Advances in graphics processing technology have slashed the time needed to crack a password using brute force techniques, says Hive Systems.

Password security concept
Image: Daniel Chetroni/Shutterstock

Security experts keep advising us to create strong and complex passwords to protect our online accounts and data from savvy cybercriminals. And “complex” typically means using lowercase and uppercase characters, numbers and even special symbols. But complexity by itself can still open your password to cracking if it doesn’t contain enough characters, according to research by security firm Hive Systems.

As described in a recent report, Hive found that an 8-character complex password could be cracked in just 39 minutes if the attacker were to take advantage of the latest graphics processing technology. A seven-character complex password could be cracked in 31 seconds, while one with six or fewer characters could be cracked instantly. Shorter passwords with only one or two character types, such as only numbers or lowercase letters, or only numbers and letters, would take just minutes to crack.

SEE: Password breach: Why pop culture and passwords don’t mix (free PDF) (TechRepublic)

On the plus side, even simpler passwords with a greater number of characters are less vulnerable to cracking in a short amount of time, according to Hive’s research. An 18-character password with just numbers would require three weeks to crack, but one with the same number of characters using lowercase letters would take 2 million years to crack. This piece of data shows why passphrases, which use a long string of real but random words, can be more secure than a complex but short password.

Image: Hive Systems

A hacker aiming to crack complex yet short passwords quickly enough would need the latest and most advanced graphics processing technology. The more powerful the graphics processing unit, the faster it can perform such tasks as mining cryptocurrencies and cracking passwords. For example, one of the top GPUs around today is Nvidia’s GeForce RTX 3090, a product that starts at $1,499. But even less powerful and less expensive GPUs can crack passwords of a small length and low complexity in a relatively short amount of time.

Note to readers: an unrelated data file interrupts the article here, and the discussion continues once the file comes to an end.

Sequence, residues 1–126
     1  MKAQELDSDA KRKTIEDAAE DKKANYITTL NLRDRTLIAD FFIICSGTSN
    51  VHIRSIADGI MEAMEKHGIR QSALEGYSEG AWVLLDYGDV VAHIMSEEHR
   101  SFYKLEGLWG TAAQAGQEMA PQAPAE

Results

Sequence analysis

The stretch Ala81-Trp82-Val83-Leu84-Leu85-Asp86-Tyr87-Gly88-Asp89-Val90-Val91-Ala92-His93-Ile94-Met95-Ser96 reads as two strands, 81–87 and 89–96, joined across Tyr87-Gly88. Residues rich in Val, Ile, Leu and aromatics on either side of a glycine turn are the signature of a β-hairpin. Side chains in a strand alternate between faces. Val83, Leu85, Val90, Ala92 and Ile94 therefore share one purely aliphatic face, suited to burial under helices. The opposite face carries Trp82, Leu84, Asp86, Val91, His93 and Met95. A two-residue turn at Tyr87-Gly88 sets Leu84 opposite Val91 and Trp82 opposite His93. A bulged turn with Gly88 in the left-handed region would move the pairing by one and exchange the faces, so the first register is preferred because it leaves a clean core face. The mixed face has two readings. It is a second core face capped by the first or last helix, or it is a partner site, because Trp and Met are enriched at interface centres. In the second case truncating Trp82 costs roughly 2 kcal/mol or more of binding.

Hackers who don’t have the latest and greatest graphics processing on their own computers can easily turn to the cloud, according to Hive. By renting computer and graphics hardware through Amazon AWS and other cloud providers, a cybercriminal can tap into multiple virtual instances of a powerful GPU to perform the password cracking at a fairly low cost.

Due to the progress in graphics technology, most types of passwords require less time to crack than they did just two years ago. For example, a 7-character password with letters, numbers and symbols would take 7 minutes to crack in 2020 but just 31 seconds in 2022. Given these advances in technology, how can you and your organization better secure your password-protected accounts and data? Here are a few tips.

  • Use a passphrase instead of a password. A passphrase is a long string of often random words. Passphrases are often more secure than passwords but are usually easier to remember. For example: “sunset-beach-sand” uses words and a dash to separate each word and would take 2 billion years to crack, according to Security.org.
  • Use a password manager. Since creating and remembering multiple complex and lengthy passwords on your own is impossible, a password manager is your best bet. By using a password manager for yourself or within your organization, you can generate, store and apply strong passwords for websites and online accounts.
  • Use a strong master password. If you do adopt a password manager, you’ll want to protect your stored passwords as effectively as possible. The way to do that is through a strong master password. Create a complex and long password or passphrase that you can remember.
  • Test your passwords. To gauge the strength of a potential password, enter it at a site such as Security.org. The site will tell you how long it would take to crack that password.